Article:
4
$\begingroup$

In Carroll's introductory book on General Relativity, he discusses the noncoordinate basis and how to construct the noncoordinate basis. When introducing this basis, he defines the vielbeins as the set of vectors comprising an orthonormal basis according to

$$g(\hat{e}_{(a)}, \hat{e}_{(b)}) = \eta_{ab}.$$

I have seen a construction of these via the exponential map and Riemann normal coordinates. However, I have not been able to find a demonstration that such a basis should exist at every point. How do we know that such a basis does exist at every point?

$\endgroup$
1
  • 2
    $\begingroup$ Fix an arbitrary local basis of vector fields around a given point. Then, repeat the proof of the Gram-Schmidt orthogonalization process from linear algebra (suitably adapted for different metric signatures); it goes through almost verbatim; you don’t even need exponential maps or any other fancy Riemannian geometry techniques. $\endgroup$
    – peek-a-boo
    Oct 25, 2023 at 0:27

1 Answer 1

6
$\begingroup$

Take the eigenvalue/eigenvector decomposition of the metric. Multiply each eigenvector by the square root of the absolute value of the corresponding eigenvalue. Then that gives you a vielbein, with metric coefficients $±1$, when referred to the frame comprising the eigenvectors. For $4$ dimensions, with Lorentzian signature that will give you a vierbein, with either signature $(-1,+1,+1,+1)$ or $(+1,-1,-1,-1)$, depending on which convention was used for the metric.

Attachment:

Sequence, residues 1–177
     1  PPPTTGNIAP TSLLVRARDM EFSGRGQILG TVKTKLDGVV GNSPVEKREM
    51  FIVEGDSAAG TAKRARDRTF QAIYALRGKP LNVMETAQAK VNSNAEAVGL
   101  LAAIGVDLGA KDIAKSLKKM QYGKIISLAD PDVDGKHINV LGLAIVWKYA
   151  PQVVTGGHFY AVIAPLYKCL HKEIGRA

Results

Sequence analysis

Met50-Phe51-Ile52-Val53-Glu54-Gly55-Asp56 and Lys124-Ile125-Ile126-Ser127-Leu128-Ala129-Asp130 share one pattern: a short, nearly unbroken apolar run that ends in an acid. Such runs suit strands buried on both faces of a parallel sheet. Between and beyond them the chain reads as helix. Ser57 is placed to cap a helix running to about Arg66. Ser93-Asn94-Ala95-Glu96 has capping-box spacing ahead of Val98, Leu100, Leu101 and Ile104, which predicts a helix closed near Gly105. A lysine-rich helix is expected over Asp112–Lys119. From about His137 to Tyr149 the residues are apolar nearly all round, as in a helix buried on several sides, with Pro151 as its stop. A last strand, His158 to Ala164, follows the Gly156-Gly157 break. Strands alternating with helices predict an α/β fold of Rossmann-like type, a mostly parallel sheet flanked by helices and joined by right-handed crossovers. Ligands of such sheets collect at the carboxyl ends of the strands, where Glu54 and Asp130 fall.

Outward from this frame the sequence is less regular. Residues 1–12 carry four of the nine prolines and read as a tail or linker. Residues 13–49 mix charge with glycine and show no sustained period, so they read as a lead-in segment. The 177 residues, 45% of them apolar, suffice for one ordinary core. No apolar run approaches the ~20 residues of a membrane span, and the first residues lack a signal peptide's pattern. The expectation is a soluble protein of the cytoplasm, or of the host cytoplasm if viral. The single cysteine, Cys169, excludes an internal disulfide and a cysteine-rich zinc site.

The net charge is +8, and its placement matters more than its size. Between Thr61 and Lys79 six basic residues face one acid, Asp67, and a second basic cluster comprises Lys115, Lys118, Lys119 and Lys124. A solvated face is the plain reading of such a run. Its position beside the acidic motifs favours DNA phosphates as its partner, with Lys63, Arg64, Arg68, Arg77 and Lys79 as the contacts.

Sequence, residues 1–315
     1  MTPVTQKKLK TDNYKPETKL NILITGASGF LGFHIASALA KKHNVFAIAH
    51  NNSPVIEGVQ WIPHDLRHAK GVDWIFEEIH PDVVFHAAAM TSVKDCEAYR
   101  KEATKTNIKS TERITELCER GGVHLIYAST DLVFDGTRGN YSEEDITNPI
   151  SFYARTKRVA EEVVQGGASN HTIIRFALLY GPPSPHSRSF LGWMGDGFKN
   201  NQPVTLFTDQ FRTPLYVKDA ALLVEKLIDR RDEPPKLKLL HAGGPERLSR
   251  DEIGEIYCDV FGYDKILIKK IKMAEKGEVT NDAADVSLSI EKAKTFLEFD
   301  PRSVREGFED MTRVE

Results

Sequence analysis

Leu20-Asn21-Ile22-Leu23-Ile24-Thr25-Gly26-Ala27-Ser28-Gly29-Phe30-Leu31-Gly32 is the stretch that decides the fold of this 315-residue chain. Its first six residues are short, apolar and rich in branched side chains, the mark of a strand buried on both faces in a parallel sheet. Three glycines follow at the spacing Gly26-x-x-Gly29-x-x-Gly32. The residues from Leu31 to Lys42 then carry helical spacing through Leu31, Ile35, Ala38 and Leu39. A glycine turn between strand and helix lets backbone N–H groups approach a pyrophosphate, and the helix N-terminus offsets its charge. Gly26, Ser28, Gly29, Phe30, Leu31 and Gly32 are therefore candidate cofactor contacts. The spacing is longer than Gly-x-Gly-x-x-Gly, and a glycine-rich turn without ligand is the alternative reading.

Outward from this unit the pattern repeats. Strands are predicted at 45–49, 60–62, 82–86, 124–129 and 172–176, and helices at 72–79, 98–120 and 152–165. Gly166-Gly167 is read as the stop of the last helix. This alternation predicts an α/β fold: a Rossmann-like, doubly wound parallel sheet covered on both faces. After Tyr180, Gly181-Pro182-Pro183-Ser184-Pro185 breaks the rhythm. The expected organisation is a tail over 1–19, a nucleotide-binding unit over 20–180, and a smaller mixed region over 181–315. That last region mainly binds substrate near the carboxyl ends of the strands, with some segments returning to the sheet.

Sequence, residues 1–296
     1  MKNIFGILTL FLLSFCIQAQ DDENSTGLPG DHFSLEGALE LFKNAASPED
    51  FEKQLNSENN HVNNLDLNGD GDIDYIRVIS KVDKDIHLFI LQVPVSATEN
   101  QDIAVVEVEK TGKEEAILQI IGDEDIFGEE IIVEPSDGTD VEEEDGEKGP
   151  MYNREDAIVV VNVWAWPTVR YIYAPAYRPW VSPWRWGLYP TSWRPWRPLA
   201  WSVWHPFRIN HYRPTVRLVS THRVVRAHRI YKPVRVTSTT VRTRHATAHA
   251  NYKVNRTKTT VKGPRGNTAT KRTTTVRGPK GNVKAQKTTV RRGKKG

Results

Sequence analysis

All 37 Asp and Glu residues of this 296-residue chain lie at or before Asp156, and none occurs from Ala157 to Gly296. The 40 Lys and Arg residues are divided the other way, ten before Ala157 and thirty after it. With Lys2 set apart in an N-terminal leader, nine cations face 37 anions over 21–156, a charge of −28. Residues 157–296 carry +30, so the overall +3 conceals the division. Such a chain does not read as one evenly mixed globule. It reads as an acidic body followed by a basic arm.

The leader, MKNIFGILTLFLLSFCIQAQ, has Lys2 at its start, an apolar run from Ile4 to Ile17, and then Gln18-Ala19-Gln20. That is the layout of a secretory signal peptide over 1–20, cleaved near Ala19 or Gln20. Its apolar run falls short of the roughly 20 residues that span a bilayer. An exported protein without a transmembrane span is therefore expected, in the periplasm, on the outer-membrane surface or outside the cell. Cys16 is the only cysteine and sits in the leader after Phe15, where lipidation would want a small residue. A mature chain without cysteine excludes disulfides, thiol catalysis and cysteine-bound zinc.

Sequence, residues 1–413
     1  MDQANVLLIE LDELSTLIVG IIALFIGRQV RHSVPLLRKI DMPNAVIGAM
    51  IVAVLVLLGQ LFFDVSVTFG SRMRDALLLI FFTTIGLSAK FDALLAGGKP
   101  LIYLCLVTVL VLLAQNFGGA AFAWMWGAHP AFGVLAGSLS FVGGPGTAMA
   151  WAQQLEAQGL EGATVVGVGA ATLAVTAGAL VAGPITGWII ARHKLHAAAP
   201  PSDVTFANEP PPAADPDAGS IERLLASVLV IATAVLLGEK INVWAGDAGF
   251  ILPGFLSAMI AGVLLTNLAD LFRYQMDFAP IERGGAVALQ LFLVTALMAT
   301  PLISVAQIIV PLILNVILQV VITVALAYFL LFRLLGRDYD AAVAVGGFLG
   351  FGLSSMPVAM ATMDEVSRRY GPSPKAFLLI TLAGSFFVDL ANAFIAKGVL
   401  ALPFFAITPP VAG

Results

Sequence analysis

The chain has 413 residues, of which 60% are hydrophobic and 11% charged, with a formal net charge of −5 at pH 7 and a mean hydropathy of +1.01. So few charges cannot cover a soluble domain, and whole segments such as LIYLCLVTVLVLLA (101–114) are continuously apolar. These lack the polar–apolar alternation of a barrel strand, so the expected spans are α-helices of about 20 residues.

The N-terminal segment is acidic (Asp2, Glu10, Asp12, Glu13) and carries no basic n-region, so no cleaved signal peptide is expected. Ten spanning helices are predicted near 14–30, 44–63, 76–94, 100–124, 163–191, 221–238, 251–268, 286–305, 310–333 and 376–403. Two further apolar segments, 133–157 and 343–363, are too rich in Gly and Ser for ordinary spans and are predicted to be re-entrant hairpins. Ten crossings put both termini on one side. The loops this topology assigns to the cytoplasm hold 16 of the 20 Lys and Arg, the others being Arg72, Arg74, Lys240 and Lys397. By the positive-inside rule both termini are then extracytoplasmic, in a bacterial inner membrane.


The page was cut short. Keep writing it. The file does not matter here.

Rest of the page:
This can be done locally over a set of coordinate patches, with one decomposition per coordinate patch. Extra conditions are required to be able to make it work globally, with a single vielbein used for the entire space. I don't remember what the relevant theorem is, and I can't find it. It might have been something proven by Thorne.

The matter's also been addressed here: Non-Coordinate Basis In GR; also here, How Do We Mathematically Define A Vielbein Field, where one of the replies provides a set of references, some of which may actually address the matter that I raise.

$\endgroup$

Your Answer

By clicking “Post Your Answer”, you agree to our terms of service and acknowledge you have read our privacy policy.

Not the answer you're looking for? Browse other questions tagged or ask your own question.